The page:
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Has Your Home Got the Blues?

April 30 2010

What’s the coolest new color in homes? Blue.

If that sounds like a breath of fresh air, you may be ready to break away from the warm tone trends, and try something new.

Most people like some shade or tint of blue, but you may feel out of practice. Your color sense can be stiff after a decade of Tuscan golds, eco-greens and earth tones. And it doesn’t help that “neutrals” like beige and taupe have been pounded into your head as buyer-friendly.

Whether you’re redoing your home for yourself or the next buyer, the right blue in the right amount in the right location can be beautiful, calming and refreshing, like a dip in the pool on a hot day.

Can blues be neutral?  Yes, but they can be tricky to use. Blue can warm up a room, or make a room go cold depending on the tone. It can seem appropriate or inappropriate, depending on your home’s location and climate.

In ocean areas and lake homes, you’ll hardly find a home that doesn’t have blue featured prominently as a main color, secondary color or accent. But blue in snowy or mountainous climates may feel just a little chilly when brought indoors.

The secret is using blue correctly within the color spectrum. Like other colors, even taupe or beige, blue has tone, shade or tint. If blended with creams, yellows, and greens, blues can be warmer. If blended with white, black or reds, blue will be cooler.

Blue will stand out the most as a contrast – blue against wood tones, for example. Blue can also be
natural, and neutral in monochromatic tones with greys, pewters and greyed-blues.

The key is chroma or the amount of pigment your blues have. The more pigment there is, the stronger the blue is as a statement. The less pigment there is, the softer and more soothing blue can be.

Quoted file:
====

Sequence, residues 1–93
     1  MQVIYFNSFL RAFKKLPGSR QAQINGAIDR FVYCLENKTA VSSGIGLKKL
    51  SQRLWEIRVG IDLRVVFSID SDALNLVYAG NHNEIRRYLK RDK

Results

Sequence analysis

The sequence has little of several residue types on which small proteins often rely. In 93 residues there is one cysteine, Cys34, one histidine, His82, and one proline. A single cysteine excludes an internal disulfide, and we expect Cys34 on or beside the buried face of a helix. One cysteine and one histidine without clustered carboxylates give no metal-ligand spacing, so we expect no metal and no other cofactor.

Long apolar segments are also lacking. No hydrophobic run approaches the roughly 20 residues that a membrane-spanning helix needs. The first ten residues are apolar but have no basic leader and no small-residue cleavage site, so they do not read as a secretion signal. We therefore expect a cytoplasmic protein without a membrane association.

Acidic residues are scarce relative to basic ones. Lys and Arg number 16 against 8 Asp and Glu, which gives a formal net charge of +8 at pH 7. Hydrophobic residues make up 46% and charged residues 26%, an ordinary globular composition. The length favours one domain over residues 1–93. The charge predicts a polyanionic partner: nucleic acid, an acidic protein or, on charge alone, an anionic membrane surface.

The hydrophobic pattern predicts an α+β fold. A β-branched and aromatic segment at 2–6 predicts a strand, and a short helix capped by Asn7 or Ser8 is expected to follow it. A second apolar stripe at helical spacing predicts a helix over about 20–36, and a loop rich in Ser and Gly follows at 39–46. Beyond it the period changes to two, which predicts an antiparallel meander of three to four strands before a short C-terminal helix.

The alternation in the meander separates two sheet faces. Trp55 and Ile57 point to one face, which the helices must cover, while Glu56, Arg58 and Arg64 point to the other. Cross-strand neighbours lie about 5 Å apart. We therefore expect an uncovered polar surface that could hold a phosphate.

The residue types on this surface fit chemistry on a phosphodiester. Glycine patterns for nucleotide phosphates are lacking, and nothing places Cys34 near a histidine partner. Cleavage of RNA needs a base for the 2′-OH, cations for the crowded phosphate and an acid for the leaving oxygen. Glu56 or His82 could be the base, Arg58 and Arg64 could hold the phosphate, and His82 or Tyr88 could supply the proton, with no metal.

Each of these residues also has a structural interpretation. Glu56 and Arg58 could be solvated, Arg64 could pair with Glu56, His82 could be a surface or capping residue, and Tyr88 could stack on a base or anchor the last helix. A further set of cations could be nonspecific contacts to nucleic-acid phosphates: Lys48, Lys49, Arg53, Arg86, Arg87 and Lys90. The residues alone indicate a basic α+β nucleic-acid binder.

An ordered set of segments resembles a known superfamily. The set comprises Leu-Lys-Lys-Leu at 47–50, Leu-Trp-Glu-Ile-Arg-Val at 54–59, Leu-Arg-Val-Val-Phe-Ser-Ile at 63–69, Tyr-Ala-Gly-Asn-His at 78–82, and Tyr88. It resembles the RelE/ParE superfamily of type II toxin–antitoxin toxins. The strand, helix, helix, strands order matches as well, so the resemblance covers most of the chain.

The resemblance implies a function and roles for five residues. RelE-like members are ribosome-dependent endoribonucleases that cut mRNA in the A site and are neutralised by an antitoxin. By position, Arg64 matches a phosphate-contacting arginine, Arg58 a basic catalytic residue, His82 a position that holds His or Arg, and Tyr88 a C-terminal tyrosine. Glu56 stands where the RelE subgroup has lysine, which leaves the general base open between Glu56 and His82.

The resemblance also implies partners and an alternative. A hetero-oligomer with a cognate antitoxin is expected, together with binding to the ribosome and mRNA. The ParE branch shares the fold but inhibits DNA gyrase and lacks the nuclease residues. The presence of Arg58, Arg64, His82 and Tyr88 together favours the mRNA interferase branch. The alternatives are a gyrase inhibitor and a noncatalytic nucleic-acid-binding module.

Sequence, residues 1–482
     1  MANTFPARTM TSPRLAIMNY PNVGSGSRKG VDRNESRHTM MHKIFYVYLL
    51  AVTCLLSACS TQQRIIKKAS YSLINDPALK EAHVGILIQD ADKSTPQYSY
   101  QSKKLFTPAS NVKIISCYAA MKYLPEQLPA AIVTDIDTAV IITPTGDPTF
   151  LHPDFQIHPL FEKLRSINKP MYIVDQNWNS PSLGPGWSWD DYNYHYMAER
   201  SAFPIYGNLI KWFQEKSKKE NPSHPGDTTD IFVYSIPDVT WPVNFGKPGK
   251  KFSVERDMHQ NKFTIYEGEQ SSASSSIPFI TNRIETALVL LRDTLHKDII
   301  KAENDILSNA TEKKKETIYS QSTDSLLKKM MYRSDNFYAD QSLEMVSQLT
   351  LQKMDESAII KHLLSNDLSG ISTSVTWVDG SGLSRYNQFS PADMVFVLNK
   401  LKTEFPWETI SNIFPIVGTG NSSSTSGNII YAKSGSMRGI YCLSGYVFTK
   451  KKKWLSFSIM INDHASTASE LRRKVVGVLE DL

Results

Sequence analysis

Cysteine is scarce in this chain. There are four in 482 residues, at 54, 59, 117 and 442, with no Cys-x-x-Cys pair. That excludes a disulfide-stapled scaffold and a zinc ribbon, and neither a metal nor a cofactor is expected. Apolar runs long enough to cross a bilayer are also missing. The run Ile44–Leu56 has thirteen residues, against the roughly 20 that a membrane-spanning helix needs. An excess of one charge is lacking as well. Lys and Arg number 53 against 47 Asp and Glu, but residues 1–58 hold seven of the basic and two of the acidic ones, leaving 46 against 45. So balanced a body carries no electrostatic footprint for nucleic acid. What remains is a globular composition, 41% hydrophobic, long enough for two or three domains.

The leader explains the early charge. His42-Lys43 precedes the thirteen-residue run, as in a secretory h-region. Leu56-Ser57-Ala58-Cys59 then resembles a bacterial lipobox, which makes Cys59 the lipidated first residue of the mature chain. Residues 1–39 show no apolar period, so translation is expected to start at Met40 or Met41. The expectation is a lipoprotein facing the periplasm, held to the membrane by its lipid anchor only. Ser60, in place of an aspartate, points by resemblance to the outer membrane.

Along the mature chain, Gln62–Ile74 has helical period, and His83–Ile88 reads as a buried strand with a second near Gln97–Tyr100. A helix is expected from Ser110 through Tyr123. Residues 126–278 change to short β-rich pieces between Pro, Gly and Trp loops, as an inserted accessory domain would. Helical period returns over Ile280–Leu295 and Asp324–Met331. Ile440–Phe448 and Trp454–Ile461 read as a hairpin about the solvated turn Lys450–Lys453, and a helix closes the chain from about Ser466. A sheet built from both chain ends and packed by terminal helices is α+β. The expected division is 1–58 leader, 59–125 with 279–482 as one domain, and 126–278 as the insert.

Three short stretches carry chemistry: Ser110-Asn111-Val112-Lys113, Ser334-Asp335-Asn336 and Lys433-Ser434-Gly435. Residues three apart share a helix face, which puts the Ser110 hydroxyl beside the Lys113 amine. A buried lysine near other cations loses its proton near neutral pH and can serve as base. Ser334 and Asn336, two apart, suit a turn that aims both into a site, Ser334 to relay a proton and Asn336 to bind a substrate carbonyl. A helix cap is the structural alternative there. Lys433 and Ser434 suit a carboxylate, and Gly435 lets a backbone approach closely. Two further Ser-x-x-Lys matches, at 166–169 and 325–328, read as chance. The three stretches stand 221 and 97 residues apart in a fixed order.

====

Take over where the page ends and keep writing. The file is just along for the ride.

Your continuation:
Here are a few ideas for your color palette:

Soothing Blues – these blues are pale, muted with grey or warmed with undertones of yellow. Pastel blues can be wonderful in bedrooms and baths or wherever you seek serenity. The versatility of blue is unlimited because blue is a primary color that automatically complements other colors, just as the sky complements the greens of trees and grass.  Seek the lightest hues for a calm and neutral look.

Floral and Avian Blues – bluebonnet, periwinkle, hibiscus, iris and other floral blues can be delightful as accents to pop a more neutral color scheme. Complemented by most shades of woods and grass grees, these mid-tones bring the outdoors in.  Bluebirds, bluejays and the spectacular peacock attract mates with their beautiful plumage.

Classic Blues – these strong blues were inspired by the royal and sapphire hues of the Orient, as found in 16th century Ming dynasty porcelains. These blues made their way to the west, and are featured prominently in antique and collectible porcelain china such as Delft, Staffordshire, Blue Willow, and Spode among others, and in fabrics made of toile, moire silk, and damask. The impact of such strong blues is softened by whites, creams, and yellows.  These blues are considered classic in kitchens and dining rooms, because the coolness of the colors offsets the heat of ovens, ranges, and cook-tops. 
Stylish Blues – the lively aqua blue made famous as Tiffany blue is a modern classic. Inspired by the signature blue jewel box color of the famous New York jeweler, this shade is automatically upscale and a color you’re sure to want to breakfast with. Other stylish blues can be more of a risk, best used in places that are easily painted over or replaced such as pillows, placemats and vases. Stylish blues make a design statement that is carefully paired with other elements in the room so as not to overshadow them.  A design professional can carefully use the sophisticated blue to achieve the balance of a stronger cool color that is still inviting.  

Contemporary Blues – vivid, dark, intense blues such as navy or cobalt are so strong they automatically seem contemporary because they are most effectively used in rooms without a lot of fuss or clutter.  Best complemented by whites, blacks, reds, and grays, these blues can make an industrial, high-rise or loft palette cool in a good way.  

No matter what your room function, home location, or design preference, there is a blue for you.  If your home hasn’t got the blues, maybe it’s time for an update.